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Sunday, June 21, 2009

It's so hard to know how or when it will happen ... .

...that tiny spark that springs from mid-air from friend-to-friend and ignites the creative energy that always seems to be waiting in the spaces between ...

This time it was a casual conversation with my friend and author, Summer Brenner, Berkeley writer and all-around good person who has worked -- often as a volunteer -- in the Richmond and Berkeley schools and nonprofit programs for many years supporting the teaching of literacy. We were talking about the Wisdom Tree* that has stood proudly through many generations of Richmond's children and whose story is almost completely unknown; except for some of the men of the community who have been meeting in its shade for more than a century. Says I to Summer, "you should write a book about the Wisdom Tree for the children." Answers Summer, " ... perhaps I'll do that."

The last time we worked together was on another Summer-created project called "Where I'm From". This was a program conducted at Richmond High School that paired elders with teens and which I'm sure I've written about before (try the search bar). It was an imaginative project that ended up as a major exhibit featured at the Richmond Museum of History. The show is now making its way around the Greater Bay Area to be enjoyed by a wider audience, and most deservedly.

So said, at the book-signing yesterday -- Summer looked over to where I was perched on a library table along the side wall against the windows -- and in answer to a child's question about how she came to write Tales -- "... my friend, Betty, asked me to write about the Wisdom Tree and I wrote a note to myself on a little slip of paper; and over the months have been adding other little notes on little slips of paper about Richmond -- and finally I ended up with this book,

"Richmond Tales - Lost Secrets of the Iron Triangle,"
with illustrations by Miguel Perez.


(from the brochure)

"
Richmond Tales, written for 4th and 5th graders, is sure to appeal to a wider audience as the characters learn the history of Richmond, experience cultural differences, and explore the possibilities of Richmond's future. Literature rarely reflects the local experiences of our students in the West Contra Costa County Unified School District. This book seeks to provide relevancy and strengthen students' connection to the community. Undoubtedly, the story reaffirms that our community is powerful and that our students' potential is unlimited."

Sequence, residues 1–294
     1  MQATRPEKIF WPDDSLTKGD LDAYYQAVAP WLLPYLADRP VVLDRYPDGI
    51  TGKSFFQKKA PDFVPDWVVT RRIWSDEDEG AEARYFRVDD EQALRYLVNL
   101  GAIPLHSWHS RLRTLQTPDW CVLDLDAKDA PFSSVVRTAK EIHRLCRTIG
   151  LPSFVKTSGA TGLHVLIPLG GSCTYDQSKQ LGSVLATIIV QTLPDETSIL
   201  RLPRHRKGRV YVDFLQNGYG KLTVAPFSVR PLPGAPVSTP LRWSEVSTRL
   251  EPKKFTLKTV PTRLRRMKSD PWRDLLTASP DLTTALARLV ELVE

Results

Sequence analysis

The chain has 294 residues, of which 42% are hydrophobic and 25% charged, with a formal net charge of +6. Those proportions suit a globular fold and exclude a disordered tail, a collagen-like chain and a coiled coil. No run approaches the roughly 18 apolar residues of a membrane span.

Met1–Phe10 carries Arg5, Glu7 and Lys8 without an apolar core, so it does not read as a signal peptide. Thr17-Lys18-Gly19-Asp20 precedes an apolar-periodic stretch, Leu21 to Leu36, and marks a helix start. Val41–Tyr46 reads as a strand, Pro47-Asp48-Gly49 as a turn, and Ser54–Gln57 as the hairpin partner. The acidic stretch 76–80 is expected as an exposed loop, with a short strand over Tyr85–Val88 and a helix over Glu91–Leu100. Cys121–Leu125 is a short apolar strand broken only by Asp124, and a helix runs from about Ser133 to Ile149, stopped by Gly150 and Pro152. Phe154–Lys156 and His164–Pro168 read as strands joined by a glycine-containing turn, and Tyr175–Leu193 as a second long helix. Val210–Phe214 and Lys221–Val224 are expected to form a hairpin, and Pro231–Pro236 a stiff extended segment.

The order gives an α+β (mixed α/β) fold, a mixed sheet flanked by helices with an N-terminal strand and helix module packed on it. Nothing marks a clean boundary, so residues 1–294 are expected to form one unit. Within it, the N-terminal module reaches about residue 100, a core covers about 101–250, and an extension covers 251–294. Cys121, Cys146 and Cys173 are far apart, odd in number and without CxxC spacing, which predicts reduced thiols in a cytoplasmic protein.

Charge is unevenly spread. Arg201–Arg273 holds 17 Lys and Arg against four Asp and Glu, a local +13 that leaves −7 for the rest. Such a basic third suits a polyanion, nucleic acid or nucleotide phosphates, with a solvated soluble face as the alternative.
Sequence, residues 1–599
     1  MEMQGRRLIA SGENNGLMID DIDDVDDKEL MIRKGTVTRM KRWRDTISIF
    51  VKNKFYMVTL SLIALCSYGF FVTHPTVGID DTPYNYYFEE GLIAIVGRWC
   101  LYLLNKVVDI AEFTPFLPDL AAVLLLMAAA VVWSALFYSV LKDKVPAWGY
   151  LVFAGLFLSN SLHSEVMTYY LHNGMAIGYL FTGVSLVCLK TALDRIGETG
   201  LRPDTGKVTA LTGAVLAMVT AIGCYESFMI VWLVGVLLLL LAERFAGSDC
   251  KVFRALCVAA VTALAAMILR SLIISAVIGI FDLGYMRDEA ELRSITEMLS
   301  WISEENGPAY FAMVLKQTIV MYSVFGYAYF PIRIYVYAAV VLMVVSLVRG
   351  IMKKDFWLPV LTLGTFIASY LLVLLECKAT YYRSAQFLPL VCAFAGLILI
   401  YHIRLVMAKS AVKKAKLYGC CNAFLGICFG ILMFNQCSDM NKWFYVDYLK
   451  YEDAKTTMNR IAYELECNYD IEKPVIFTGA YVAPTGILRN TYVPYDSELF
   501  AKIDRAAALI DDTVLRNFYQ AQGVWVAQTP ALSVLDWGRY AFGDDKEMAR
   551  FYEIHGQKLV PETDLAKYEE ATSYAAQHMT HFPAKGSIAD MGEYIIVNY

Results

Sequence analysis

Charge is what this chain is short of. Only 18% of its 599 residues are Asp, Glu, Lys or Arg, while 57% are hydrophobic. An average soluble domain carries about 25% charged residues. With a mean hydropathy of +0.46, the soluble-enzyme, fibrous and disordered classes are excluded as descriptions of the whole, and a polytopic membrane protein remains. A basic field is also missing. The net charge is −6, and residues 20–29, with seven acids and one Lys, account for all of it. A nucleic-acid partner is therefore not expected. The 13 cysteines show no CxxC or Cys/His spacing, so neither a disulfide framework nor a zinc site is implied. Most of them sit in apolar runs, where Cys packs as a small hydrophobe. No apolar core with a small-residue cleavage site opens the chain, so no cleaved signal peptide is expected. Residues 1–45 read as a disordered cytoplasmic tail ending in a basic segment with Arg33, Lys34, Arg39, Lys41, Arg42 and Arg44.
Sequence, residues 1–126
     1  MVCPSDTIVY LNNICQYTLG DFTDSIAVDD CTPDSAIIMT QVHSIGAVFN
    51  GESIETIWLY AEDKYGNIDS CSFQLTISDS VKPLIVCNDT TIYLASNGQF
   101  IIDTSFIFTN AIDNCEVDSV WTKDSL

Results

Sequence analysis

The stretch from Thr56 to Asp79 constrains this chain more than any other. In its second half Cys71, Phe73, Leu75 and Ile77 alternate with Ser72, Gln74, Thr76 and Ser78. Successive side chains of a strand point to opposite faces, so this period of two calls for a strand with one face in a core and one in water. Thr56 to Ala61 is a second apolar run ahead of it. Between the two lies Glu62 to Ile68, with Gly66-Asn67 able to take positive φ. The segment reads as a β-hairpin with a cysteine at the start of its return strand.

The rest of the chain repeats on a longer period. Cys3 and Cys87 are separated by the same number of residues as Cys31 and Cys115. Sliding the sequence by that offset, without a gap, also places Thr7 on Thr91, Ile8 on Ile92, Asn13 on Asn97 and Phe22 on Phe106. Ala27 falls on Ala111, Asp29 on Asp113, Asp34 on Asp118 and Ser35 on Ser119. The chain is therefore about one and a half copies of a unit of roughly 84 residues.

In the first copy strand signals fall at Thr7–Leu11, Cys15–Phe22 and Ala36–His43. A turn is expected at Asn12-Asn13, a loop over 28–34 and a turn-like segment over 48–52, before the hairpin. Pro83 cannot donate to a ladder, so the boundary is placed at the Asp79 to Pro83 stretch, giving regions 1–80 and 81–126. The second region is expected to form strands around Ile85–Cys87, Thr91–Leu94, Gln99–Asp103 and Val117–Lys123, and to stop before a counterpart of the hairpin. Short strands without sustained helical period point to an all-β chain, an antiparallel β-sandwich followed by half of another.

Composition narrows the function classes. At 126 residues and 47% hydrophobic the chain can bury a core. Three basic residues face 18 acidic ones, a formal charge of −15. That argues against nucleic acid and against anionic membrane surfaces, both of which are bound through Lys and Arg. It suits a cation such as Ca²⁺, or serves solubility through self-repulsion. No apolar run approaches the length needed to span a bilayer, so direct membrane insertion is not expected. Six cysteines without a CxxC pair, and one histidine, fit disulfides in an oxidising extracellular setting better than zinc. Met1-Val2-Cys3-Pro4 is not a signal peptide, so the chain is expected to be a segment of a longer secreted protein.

Funded by: CreativeWorkFund



The book was supported by the school district which purchased 5000 copies to be distributed to all of the fourth and fifth graders throughout the district. Yesterday the library was filled to overflowing with youngsters and their parents listening intently to Summer reading in her warm southern drawl and clutching their copies for autographing later with the lemonade. A big day in the Iron Triangle of Richmond, California.

The book -- through the protagonists, pre-teens Mario and Maisha, through a kind of time capsule trip through the history of this community-- the now decaying historic core of the city (but undergoing rehabilitation) -- from the 2000 years-ago era of the Ohlone Indians when this part of the city was largely made up of hills and wetlands; of the early settlers of the wealthy early Californios, the Mexican and Spanish ranchers; of Rosie the Riveter and the boom of WWII, (and, yes, there is a chapter on the Wisdom Tree), to today as a place of racial and cultural diversity moving quickly to a new 21st Century Green Economy. It's personal yet universal in its themes, and empowering to the lives of young children living in these times of uncertainty and fear so much of the time in a community under constant threat of violence.

And -- buried in one of the chapters is the original thesis, my "Wisdom Tree." It deserves its own book, I insist. A sequel? Meanwhile, this is a truly exciting outcome to just another ordinary conversation between friends.

(*post of Friday, August 25, 2006)

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